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Laser sailor learning to trapeze

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As a fit 193 cm (6 foot 4), 18yo laser sailor how quickly will I pick up trapezing? I have only ever raced optis and lasers and have helmed 420 maybe a dozen times but never crewed so I have no experience on the wire.


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10 minute shore drill and you're away. So very quickly.

I run a program that teaches non sailors to sail twin wire skiffs [ Facebook page https://www.facebook.com/Mr-Bond-The-Ballina-Skiff-Sail-Training-Group-110226546310465  : If you scroll down, you'll see photos of the shore drill ], so teach this all the time.

And after a ten minute shore drill, they're on the water and playing the main (and setting the kite and playing it from the wire too).

It helps to have a sensible sort of skipper who will help you transition and won't expect you to crash tack on the first day.

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You are a kid, you are fit and strong. It isn't like you are learning how to do triple axels, or playing the Mendelssohn concerto #1 or anything. That includes skiff sailing. You can figure it out.

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59 minutes ago, jasper7427 said:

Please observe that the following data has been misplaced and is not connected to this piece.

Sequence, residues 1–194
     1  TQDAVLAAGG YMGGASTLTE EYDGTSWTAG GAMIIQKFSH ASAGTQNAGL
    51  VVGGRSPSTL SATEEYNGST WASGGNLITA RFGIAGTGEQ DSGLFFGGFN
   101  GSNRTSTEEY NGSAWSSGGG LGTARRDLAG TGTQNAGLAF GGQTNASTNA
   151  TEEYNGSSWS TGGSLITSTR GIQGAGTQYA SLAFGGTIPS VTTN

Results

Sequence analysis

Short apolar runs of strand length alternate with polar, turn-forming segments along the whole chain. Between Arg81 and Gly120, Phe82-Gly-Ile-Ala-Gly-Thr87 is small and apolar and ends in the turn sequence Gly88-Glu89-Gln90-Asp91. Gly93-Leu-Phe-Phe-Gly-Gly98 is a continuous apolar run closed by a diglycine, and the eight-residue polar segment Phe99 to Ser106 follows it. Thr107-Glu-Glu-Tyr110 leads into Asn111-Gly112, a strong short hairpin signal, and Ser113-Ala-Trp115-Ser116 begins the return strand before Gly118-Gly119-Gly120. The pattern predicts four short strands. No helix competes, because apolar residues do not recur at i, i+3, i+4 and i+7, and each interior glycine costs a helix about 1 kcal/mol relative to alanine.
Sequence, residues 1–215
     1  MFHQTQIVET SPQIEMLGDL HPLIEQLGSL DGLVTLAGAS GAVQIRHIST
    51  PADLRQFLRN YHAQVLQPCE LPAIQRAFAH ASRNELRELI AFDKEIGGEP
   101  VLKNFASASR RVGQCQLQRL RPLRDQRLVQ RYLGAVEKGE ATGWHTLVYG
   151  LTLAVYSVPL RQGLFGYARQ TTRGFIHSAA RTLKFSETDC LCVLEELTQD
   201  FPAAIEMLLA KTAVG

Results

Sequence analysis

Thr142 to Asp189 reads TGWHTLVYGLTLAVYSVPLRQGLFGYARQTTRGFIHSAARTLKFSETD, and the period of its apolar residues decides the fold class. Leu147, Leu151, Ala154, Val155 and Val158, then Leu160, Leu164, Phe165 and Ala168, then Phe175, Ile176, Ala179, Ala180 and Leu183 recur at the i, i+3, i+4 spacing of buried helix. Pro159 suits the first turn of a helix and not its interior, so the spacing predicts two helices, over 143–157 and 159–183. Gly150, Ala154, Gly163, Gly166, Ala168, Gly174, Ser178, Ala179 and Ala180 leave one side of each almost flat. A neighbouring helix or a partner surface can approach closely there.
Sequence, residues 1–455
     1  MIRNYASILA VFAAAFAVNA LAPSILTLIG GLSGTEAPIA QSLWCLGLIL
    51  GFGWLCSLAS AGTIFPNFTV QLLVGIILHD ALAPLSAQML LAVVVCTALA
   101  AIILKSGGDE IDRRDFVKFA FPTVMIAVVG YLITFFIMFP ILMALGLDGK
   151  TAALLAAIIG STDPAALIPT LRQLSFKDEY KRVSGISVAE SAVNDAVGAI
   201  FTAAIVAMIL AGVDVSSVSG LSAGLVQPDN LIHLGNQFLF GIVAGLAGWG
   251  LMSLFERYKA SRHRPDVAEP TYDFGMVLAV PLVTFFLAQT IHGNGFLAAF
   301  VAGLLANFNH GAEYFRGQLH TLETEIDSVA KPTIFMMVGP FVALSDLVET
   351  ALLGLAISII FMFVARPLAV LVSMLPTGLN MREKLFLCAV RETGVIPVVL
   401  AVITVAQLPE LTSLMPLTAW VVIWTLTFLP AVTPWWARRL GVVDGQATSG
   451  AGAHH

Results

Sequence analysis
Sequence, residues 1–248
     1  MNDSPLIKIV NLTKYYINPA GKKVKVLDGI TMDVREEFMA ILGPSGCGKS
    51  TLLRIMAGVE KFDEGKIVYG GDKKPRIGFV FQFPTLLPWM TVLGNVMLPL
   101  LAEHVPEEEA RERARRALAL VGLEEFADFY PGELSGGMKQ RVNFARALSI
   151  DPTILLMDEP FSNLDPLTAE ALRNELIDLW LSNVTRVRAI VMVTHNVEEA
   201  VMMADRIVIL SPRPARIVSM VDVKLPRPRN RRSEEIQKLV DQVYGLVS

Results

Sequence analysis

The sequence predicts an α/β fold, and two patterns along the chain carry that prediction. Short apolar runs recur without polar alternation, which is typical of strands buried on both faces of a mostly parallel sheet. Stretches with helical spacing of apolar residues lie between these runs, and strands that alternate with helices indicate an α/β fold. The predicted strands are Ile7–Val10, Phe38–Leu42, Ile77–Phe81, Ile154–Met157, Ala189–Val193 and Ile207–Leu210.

cool, thanks.

and as for getting used to skiff sailing? I've heard its rather different. 

Not looking to race (Yet).

Which class?

Years ago, I went from trapezing on a skiff (racing a Farr 3.7) to Laser racing, though I had the benefit of sailing junior classes previously.

Key lesson is to keep the front leg straight, and bend the back one slightly - more if there is chop). It took a while to get into that habit, and the consequence is the tendency to pivot around (or at least towards) the forestay.

I discovered that downwind stability (without a kite) had more to do with a higher centre of effort, and as many skiffs have higher aspect mainsails, be prepared for a tough learning curve. (Spinnakers mostly tend to stabilise - until the point of being overpowered).

When I started sailing Lasers, I couldn't figure out what the fuss others had about instability while broad reaching or running. I wanted to break out the sandwiches and have a picnic. All relative, I suppose.

Most skiffs with trapezes plane upwind, and close reaching is a blast. I found trapezing to be less physical than hiking - but in 20 plus knots, it just meant different muscles are used. On a reach, I can recall puffing at the bottom mark, and looking forward to the easier upwind beat for a rest.

One consequence of racing is that you learn a lot faster - most fleets help newbies a lot - and the more skills you develop, the more confident you are in higher winds which adds to the enjoyment a lot. Another consequence of racing is that you learn to lose your ego fast. Nobody cares if you capsize, come last or do not finish. Most of us started like that.

I'm so addicted to racing now that I'm either racing, or practicing for racing.

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